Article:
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The U.S. Fish and Wildlife Service is investigating the death of a wolf recently found about 45 miles southwest of Casper, a special agent said Friday.

"We have one dead wolf; we don't know what killed it," Steve Oberholtzer said from the agency's Denver office.

"We can't confirm the cause of death," Oberholtzer said. "We can't point to the probable cause of death."

The Fish and Wildlife Service, a division of the U.S. Department of Interior, has one agent working the case, and it does not comment on investigations until after they are concluded or prosecuted, he said.

Wolves are listed as an endangered species.

The intentional killing of a wolf without cause, such as witnessed predation on livestock, is punishable by up to one year imprisonment and a $100,000 fine, Oberholtzer said.

Mark Murphy of the Murphy Ranch north of the Pathfinder Reservoir said he learned from trappers that two wolves had been seen in the Horse Heaven area of the Rattlesnake Mountains on Dec. 18.

Oberholtzer confirmed the report, saying the sighting attracted a lot of attention.

Murphy said the trappers told him the dead wolf was found near Dry Creek Road between his ranch and the Dumbell Ranch, but he does not know when that happened.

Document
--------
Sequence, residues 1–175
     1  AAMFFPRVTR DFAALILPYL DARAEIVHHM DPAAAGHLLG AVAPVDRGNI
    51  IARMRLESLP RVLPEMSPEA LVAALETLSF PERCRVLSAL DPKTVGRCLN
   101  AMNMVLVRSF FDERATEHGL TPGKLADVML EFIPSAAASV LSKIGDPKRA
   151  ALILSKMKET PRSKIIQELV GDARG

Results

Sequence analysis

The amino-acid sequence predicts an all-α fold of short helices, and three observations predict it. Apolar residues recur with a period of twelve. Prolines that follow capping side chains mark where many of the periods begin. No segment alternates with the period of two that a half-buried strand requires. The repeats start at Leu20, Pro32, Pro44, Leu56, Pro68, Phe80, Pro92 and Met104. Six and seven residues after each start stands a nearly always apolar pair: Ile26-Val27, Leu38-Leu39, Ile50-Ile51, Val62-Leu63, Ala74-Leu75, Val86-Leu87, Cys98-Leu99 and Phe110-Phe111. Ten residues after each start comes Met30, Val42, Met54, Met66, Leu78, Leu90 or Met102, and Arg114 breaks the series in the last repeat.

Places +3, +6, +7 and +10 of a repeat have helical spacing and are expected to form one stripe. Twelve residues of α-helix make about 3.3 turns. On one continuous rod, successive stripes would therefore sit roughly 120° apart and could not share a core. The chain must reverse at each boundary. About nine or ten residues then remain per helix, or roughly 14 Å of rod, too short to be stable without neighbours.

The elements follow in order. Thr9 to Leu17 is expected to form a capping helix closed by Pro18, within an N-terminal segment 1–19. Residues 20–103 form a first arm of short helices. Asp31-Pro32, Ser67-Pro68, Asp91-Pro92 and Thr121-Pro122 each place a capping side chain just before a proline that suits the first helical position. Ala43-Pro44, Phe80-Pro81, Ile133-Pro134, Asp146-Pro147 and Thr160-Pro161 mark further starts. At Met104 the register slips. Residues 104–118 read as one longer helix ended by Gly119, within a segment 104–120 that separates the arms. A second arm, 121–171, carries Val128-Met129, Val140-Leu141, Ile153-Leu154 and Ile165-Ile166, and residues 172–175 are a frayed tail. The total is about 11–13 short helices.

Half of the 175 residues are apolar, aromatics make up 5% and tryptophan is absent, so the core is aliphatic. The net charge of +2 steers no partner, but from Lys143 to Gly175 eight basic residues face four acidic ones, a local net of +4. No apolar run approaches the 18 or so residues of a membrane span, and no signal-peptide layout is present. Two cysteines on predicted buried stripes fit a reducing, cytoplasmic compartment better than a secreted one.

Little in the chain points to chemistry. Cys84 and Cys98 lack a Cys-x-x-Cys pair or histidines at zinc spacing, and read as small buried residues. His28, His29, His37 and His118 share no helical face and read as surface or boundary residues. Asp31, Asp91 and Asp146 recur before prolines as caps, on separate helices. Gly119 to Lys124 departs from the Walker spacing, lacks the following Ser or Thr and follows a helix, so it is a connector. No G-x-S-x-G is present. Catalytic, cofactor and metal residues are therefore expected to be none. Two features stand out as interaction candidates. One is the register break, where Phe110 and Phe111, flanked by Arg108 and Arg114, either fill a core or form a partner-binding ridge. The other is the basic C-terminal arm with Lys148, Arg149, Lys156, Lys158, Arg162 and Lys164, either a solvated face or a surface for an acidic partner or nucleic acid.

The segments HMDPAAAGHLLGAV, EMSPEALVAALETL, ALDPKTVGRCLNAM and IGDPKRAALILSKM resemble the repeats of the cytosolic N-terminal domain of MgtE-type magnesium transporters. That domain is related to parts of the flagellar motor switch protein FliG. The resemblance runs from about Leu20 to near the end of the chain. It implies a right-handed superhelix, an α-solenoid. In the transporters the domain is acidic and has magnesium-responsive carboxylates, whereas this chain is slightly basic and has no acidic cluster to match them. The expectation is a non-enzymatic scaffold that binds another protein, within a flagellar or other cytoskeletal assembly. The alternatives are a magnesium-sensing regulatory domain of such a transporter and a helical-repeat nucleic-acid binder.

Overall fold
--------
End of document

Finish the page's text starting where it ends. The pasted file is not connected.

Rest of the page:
Oberholtzer said a worker at a ranch, he did not know which one, found the wolf and notified the Fish and Wildlife Service's law enforcement office in Casper.

Oberholtzer said he did not know when or where the wolf was found.

The wolf wore a radio collar, but he did not know where its pack was located, he added.

In general, investigation of wolf deaths can take a long time, Oberholtzer said.

A gunshot can be easy to identify, but identifying a poisoning can weeks, if not longer, he said.

The Fish and Wildlife Service also may not release any information about a wolf death for a long time, such as a press release Monday about a wolf that had been found dead in western Colorado in April 2009, he said.

Investigators needed a month and a half to determine the cause of death of this radio-collared wolf, who had left her pack in Montana in September 2008 and traveled 3,000 miles before her death, Oberholtzer said.

Investigators determined the wolf died after ingesting the banned Compound 1080, he said. Compound 1080 is a highly toxic poison that causes agonizing deaths. In 1972, the U.S. Environmental Protection Agency banned its use, with rare exceptions.

Gray wolves, which were hunted to near extinction nearly a century ago, were reintroduced in the Yellowstone ecosystem by the Fish and Wildlife Service in 1995.

As of last week, about 348 wolves -- 247 outside Yellowstone National Park -- were in Wyoming in a total of about 45 packs, with 34 of those packs outside the park, according to a preliminary report released by the Fish and Wildlife Service.

In 2010, the Fish and Wildlife service documented 58 wolf deaths, with 40 of those killed because of livestock predation, two from natural causes, nine that were illegal or are under investigation, three unknown causes, and four others, according to the report.

Total documented predation in 2010 of sheep, cattle and other animals by wolves amounted to 65, the lowest number since 2003, according to the report.

Reach Tom Morton at (307) 266-0592, or at tom.morton@trib.com. Read his blog at http://trib.com/news/opinion/blogs/morton and follow him on Twitter: @GTMorton

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